Branson's Virgin and Jeff Bezos' Blue Origin controversies rising

Richard Branson and Jeff Bezos will be launching in space only a few weeks apart, but their exact limitations and experience in space travel have been controversial. Branson’s Virgin Galactic flew 80 kilometers (or about 262,000 feet), which is considered the extreme line of outer space by the United States, while Bezos’ Blue Origin flew 100 kilometers (or about 328,000 feet), commonly known as Karman Line.

After Branson said he planned to launch it nine days before the previously announced Bezos space flight, Blue Origin CEO Bob Smith condemned Virgin Galactic’s approach as “a completely different experience” because “They didn’t reach the Karman line flight.” Branson plans to launch Virgin Galactic’s fourth space flight to date. He founded the company 17 years ago and is now trying to complete development trials this year in order to be completed in 2022 and start providing flight services for space travel passengers at the beginning of the next year. In addition to space traveling, the billionaire wanted to fly to the edge of space on the company’s first plane, with the expedition starting with the crew on July 20.

The key to understanding the controversy is the difference between the company’s spacecraft. First of all, neither Blue Origin nor Virgin Galactic will enter orbit; both spacecraft are determined to be suborbital. It can take passengers to the edge of space and float under weightlessness for up to a few minutes. Orbital flights like Elon Musk’s SpaceX cost tens of millions of dollars and usually spend days or weeks in space.

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Blue Origin The New Shepard rocket will be launched vertically from the ground, and a six-person capsule was separated from the carrier rocket on top of the flight. Then the space capsule returned to Earth under the guidance of a parachute, and the capsule will land back on the ground alone for another launch.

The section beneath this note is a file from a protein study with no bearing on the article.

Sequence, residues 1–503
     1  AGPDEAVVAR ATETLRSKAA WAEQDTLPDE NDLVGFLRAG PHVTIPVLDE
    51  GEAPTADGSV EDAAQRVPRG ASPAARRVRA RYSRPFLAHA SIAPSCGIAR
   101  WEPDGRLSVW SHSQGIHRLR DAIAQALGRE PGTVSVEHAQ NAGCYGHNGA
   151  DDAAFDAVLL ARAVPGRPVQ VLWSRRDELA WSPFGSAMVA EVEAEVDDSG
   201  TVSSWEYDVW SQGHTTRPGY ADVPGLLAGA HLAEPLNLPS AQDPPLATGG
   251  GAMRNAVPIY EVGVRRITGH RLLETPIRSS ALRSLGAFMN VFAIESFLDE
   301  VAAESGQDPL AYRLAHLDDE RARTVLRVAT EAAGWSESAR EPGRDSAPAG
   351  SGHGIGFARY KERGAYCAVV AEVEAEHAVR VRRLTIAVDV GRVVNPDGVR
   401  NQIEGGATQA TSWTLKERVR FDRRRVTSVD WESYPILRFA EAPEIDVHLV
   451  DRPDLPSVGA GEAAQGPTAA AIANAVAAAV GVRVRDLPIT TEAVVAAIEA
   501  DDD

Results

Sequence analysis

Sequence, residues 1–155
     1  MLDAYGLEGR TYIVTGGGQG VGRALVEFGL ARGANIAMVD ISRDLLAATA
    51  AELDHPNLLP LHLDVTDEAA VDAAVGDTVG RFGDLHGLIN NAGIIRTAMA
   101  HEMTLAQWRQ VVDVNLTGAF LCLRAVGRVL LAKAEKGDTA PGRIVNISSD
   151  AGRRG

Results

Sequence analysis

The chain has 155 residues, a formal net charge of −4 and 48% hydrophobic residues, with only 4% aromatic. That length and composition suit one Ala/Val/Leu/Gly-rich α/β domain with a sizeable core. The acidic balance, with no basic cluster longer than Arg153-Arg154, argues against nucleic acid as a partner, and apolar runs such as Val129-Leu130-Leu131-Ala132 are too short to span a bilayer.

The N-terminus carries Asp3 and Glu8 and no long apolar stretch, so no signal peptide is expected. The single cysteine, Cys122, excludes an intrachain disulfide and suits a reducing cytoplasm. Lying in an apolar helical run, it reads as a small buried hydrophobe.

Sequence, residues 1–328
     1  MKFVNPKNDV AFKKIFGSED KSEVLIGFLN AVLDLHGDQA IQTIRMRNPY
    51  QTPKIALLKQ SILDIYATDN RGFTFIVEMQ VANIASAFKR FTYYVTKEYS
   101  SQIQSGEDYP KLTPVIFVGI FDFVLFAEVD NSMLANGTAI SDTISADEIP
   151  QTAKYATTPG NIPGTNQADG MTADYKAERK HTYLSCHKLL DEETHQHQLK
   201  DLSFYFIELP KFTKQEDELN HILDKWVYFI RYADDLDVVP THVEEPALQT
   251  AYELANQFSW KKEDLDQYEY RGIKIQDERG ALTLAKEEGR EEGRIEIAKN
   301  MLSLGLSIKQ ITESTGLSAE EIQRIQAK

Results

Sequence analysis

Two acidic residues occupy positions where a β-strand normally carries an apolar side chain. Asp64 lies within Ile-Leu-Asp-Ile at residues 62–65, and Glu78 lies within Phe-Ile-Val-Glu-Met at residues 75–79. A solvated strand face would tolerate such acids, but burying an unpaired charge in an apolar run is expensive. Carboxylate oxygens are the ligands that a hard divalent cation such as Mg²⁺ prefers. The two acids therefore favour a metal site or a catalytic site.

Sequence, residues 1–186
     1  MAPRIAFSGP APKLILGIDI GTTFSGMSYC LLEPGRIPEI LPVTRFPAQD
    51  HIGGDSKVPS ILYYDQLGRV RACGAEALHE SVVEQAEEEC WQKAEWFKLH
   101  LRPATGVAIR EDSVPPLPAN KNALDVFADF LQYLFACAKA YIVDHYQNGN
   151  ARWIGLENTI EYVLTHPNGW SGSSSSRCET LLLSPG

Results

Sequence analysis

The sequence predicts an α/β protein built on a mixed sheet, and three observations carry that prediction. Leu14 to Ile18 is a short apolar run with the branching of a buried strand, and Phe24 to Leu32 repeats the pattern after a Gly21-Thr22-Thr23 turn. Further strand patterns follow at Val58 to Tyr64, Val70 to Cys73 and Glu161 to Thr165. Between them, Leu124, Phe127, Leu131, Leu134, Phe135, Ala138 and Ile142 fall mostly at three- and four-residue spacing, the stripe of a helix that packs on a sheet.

Virgin Galactic’s SpaceShipTwo is a usual transport aircraft that lifts off, then starts its rocket engine, and moves upwards. After a slow backflip in weightlessness, the spacecraft returns to Earth in gliding mode and landed on the runway.

Based on science, McDowell based the upper atmosphere according to physics, a 50-mile demonstration that has previously been carried out. His model research shows that the atmospheric boundary “does not wave around so much” and is quite stable and similar will be its influence on the spacecraft.

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By Joe Nelson

A Scottish transplant to Canada, Joe writes about tech, film, streaming, games and sometimes other things. He lives with his partner and many, many plants. You can send him things or ask why you should fill your home with photos.

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